ODAS enables the use of SQL for defining datasets. This is done by creating base datasets and then defining views. ODAS is not a full massively parallel processing (MPP) analytics engine, as only a subset of SQL is permitted. This document describes the supported SQL subset.
ODAS in general supports the identical data model as Apache Hive and is generally compatible with HiveQL. Supported functionality may differ depending on the client.
Data Definition Language (DDL) Statements
ODAS generally supports and is compatible with HiveQL DDL statements.
In some cases, ODAS is not compatible.
In other cases, the supported SQL has been extended for ODAS-specific capabilities – including all statements that modify the catalog and do not read any data (for example,
ODAS does not support the Hive
MSCK REPAIR TABLE <table_name>.
Instead it supports the alternative,
ALTER TABLE <table_name> RECOVER PARTITIONS.
This command otherwise behaves identically, automatically adding partitions to the table based on the storage directory structure.
Optionally Drop Permissions
There are use cases where it is valid to retain or drop permissions when the corresponding Catalog object (database, table, or view) is dropped.
ODAS extends the
DROP TABLE, and
DROP VIEW statements to optionally specify whether the associated permissions should also be dropped.
DROP DATABASE [IF EXISTS] db [CASCADE] [(INCLUDING | EXCLUDING) PERMISSIONS]; DROP TABLE [IF EXISTS] [db.]tbl [(INCLUDING | EXCLUDING) PERMISSIONS]; DROP VIEW [IF EXISTS] [db.]v [(INCLUDING | EXCLUDING) PERMISSIONS];
INCLUDING PERMISSIONS is specified, the corresponding permissions are also dropped.
Otherwise, permissions will not be dropped, and they will be applied to future catalog objects with that name.
CASCADE is specified, then all permissions on the tables and views in the database are dropped.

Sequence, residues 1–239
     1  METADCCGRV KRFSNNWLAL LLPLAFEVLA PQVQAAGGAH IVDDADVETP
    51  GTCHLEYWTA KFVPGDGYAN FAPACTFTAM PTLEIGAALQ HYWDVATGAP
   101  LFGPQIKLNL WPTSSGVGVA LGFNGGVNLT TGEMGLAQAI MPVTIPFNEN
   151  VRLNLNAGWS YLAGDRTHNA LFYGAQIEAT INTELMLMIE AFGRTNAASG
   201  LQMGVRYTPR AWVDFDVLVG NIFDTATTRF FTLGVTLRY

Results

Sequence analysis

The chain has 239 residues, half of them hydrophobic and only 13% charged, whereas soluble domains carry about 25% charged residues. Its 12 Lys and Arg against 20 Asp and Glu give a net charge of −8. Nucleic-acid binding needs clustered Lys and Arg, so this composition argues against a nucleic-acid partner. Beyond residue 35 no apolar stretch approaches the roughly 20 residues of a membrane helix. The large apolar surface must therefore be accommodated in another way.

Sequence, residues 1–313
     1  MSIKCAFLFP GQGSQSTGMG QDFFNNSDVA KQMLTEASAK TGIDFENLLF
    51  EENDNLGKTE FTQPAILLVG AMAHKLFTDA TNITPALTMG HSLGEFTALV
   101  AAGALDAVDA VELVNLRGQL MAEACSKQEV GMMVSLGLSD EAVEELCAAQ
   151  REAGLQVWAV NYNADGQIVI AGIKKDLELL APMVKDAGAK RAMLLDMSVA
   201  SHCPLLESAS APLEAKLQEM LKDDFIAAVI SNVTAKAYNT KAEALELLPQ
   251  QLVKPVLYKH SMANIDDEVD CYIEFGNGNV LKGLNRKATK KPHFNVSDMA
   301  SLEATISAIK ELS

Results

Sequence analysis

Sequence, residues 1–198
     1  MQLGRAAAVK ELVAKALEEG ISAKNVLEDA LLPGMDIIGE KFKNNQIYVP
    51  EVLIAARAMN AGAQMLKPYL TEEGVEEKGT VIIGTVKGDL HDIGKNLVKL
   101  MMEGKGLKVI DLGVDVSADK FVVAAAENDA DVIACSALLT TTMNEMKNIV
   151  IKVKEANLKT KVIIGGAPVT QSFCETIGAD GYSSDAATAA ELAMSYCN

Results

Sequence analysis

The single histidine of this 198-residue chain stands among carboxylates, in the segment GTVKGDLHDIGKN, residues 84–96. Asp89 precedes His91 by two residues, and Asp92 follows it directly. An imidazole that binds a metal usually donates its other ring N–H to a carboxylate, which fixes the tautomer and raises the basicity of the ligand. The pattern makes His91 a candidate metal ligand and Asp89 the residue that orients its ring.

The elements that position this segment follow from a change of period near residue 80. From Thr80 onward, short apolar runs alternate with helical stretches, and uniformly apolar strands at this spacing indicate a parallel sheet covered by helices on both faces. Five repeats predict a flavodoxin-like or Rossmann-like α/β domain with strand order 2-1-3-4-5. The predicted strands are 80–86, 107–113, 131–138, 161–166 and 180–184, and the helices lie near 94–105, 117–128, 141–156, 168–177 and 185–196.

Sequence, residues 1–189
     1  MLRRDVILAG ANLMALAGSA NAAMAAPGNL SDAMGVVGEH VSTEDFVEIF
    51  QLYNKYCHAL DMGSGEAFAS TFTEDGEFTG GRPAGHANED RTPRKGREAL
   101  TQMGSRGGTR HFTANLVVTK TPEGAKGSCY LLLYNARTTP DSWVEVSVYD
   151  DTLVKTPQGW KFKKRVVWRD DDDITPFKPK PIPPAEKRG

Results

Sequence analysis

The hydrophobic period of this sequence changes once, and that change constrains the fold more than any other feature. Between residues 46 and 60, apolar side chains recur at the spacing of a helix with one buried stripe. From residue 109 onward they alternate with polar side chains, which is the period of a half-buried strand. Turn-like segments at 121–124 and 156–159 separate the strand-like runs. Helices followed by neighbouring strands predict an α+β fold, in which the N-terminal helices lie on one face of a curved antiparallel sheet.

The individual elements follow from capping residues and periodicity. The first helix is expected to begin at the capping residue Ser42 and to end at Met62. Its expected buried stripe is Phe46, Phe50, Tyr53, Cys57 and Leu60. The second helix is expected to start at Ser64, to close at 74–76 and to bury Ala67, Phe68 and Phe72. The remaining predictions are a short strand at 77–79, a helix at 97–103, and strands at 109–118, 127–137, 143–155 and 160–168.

It is recommended that users default to the
INCLUDING PERMISSIONS behavior and update existing workflows so as to not rely on permissions being retained longer than the object for which they are created.
Example: DROP directives with
DROP DATABASE IF EXISTS database1 CASCADE INCLUDING PERMISSIONS; DROP TABLE IF EXISTS database2.table1 INCLUDING PERMISSIONS; DROP VIEW IF EXISTS database2.view1 INCLUDING PERMISSIONS;
For users to drop the permissions, they must have grant permissions on the catalog object.
For example, to be able to drop a database and its permissions, the user must be able to issue
REVOKE statements on the database.
The user needs to be a catalog admin or having been granted grant permissions.
CREATE TABLE AS SELECT
ODAS supports tables created by this method with the following restrictions:
The table must be created from Hive in EMR.
The Hive warehouse must have been configured to use S3 (as opposed to using the EMR-local HDFS cluster).
Note: This functionality is not supported from odb.
Create table over a single file
Hive tables (and partitions) traditionally were defined over a directory of files. In ODAS, it is possible to define a table to a single file by specifying as the location, the full path to the file. This allows creating tables without first having to create the parent directory and moving the data files.
CREATE for a table to a single file
CREATE EXTERNAL TABLE tbl(s string) LOCATION 's3://bucket/path/file.parquet'